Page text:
[EDITOR’S NOTE: You can read the complete version of this post on Blanks’s blog here.]

I have been swimming in the Web metrics for several of RBI’s brands recently, and am constantly amazed at the insights that pop up. The question I am given again and again is: "How can we increase performance?"

Sometimes this question is with regards to an entire editorial strategy, other times it is focusing on just one content channel such as blogs, or it gets into focusing on one particular blog, newsletter, video series or Twitter account.

When looking for improvements, you try for the straightforward solutions first – tried and true tactics for online content:

■ SEO training
■ Structure content so that it is scannable
■ Use images to engage readers
■ Use links to connect great content
■ Focus a lot of effort on headlines
■ Etc., etc., etc.

Most media brands are no longer amateurs in online media. They have been doing this for years, and have long ago realized that this it’s not a choice of print vs. Web, but of serving readers wherever they are.

What this means is that the answers to the question "How can we increase performance" are no longer simple. Why?

■ Because it’s not easy to serve experts, what b-to-b markets consist of;
■ Because audience behavior is changing quickly;
■ Because there is more competition nowadays;
■ Because revenue models have shifted;
■ Because search has changed the media landscape;
■ Because media brands are expanding their product lines to include a variety of revenue models;
■ Because while tactics can be quick, strategy takes time to analyze, implement, measure, and iterate.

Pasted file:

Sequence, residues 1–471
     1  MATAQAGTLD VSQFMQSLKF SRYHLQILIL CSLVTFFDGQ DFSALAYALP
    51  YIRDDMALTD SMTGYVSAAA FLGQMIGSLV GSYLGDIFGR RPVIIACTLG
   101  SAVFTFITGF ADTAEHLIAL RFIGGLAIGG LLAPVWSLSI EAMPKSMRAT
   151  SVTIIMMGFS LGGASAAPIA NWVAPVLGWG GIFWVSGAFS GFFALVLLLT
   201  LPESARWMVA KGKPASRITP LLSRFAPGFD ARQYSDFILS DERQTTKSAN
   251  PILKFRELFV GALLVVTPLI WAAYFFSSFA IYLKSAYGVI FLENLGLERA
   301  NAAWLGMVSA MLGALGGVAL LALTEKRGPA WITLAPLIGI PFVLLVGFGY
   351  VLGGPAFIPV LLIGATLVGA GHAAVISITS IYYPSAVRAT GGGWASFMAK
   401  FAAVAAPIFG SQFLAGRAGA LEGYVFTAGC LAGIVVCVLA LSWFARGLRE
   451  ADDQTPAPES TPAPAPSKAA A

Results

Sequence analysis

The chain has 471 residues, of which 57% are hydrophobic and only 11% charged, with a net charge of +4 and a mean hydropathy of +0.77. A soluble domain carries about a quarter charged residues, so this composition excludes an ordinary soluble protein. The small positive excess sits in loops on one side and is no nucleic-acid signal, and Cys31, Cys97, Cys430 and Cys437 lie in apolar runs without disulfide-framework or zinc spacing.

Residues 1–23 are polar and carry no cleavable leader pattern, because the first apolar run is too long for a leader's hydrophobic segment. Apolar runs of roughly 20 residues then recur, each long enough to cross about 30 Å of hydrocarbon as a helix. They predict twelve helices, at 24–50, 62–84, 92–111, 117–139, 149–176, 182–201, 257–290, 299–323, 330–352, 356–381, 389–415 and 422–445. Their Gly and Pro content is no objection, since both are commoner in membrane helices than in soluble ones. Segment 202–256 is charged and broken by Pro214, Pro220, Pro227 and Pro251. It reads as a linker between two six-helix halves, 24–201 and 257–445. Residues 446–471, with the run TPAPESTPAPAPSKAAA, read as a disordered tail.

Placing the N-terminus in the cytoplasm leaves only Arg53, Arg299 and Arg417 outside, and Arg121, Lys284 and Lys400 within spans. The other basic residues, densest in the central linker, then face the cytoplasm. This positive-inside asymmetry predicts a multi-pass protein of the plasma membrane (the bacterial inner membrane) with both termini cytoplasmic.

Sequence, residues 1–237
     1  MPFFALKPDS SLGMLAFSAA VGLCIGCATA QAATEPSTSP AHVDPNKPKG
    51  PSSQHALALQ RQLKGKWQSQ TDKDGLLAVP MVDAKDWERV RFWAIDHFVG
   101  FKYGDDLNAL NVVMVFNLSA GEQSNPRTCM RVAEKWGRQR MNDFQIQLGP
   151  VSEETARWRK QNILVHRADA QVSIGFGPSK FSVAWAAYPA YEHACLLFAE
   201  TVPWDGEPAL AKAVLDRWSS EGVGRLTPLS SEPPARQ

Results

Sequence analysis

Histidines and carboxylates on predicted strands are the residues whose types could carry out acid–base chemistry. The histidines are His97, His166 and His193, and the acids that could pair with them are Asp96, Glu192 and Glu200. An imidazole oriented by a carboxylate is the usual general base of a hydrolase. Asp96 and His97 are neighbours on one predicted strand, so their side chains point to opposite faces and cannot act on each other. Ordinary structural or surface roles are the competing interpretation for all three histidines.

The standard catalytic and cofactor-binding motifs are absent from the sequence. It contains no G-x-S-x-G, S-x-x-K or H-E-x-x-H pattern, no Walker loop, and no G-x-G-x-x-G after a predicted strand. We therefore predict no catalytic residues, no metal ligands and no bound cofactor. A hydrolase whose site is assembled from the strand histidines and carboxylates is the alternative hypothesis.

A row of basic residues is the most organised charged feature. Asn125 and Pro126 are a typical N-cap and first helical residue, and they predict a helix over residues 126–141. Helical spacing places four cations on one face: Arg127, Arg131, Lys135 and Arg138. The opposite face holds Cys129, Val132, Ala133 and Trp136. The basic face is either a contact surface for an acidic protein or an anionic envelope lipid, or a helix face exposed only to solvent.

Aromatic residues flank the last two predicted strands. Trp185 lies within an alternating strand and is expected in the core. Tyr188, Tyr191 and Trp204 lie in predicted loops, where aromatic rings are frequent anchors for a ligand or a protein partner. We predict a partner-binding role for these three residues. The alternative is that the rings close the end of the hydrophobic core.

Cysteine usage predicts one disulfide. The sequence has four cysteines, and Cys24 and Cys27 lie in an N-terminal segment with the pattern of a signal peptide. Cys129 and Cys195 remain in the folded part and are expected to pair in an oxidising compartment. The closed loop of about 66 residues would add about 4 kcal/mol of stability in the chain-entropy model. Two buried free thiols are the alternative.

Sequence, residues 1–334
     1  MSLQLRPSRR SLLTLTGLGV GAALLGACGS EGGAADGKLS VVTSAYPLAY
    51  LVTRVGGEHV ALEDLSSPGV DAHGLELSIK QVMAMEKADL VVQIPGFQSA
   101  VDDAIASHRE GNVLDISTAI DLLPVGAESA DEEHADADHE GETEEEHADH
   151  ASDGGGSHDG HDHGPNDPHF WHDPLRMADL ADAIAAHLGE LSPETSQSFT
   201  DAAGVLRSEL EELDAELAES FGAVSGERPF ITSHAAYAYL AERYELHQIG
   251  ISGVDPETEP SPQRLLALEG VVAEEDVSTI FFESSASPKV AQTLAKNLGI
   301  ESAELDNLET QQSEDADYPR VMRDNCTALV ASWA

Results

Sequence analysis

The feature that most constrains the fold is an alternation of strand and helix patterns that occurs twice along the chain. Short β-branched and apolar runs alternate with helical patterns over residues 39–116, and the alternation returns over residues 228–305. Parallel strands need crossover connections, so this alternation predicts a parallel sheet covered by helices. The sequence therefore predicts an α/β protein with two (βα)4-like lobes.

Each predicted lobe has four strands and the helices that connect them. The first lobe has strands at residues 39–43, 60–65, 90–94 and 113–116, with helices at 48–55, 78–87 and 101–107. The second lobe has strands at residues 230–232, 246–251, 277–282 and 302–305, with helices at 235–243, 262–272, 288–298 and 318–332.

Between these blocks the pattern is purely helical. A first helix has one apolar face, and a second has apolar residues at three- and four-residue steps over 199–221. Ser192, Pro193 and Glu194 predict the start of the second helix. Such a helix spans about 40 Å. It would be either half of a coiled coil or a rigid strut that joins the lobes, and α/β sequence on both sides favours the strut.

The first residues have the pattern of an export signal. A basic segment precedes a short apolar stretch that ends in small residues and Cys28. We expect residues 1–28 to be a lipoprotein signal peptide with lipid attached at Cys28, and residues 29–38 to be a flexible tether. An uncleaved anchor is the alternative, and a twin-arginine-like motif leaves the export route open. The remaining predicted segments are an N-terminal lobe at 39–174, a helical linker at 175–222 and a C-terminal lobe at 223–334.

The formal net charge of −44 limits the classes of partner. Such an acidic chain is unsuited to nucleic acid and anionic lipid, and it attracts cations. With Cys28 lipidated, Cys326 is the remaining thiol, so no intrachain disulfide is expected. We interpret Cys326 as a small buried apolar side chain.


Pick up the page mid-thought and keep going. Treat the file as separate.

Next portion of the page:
In my recent diggings to answer the question about increasing performance, I find that every answer leads to another question, and then every question leads me to a better understanding of the needs and behaviors of the audience and product I am focusing on.

I have become mildly obsessed with a four part interview with Ira Glass, host of NPR’s "This American Life" radio series. (Here, here, here and here.) When Ira discusses the challenge for him and his team, he talks about how hard it is to find a great story, and how valuable it is to not be afraid to throw out "good" ideas, "good" stories, and considerable effort. Ira says they end up ditching half of the ideas that they actually moved forward with, meaning that they are willingly throwing good stuff in the trash.

His reasoning is that, when you throw something "good" out, it gives the chance for something GREAT to be born.

For b-to-b media, what this means is moving beyond simple answers, beyond adding on one more tactic to an existing strategy. It means focusing on two things:

■ Understanding and serving the needs of the markets that one is focused on, and always willing to rethink what those needs are and how audience behavior evolves and changes.
■ Constantly refining the products & solutions that you are offering.

In the media world, some are making a big play in the "content" space by churning out a huge number of articles.

Demand Media paying $15 per article from freelancers.
AOL is ramping up its low-cost content strategy in a similar way.

Will such a strategy work for b-to-b markets—those filled with highly experienced experts who need advanced solutions to move their business forward? Will "good" be good enough for these markets? Will "good" put smiles on the faces of those deep in the trenches? Will "good" grow media revenue models?

Click here to read the rest of Blank’s post.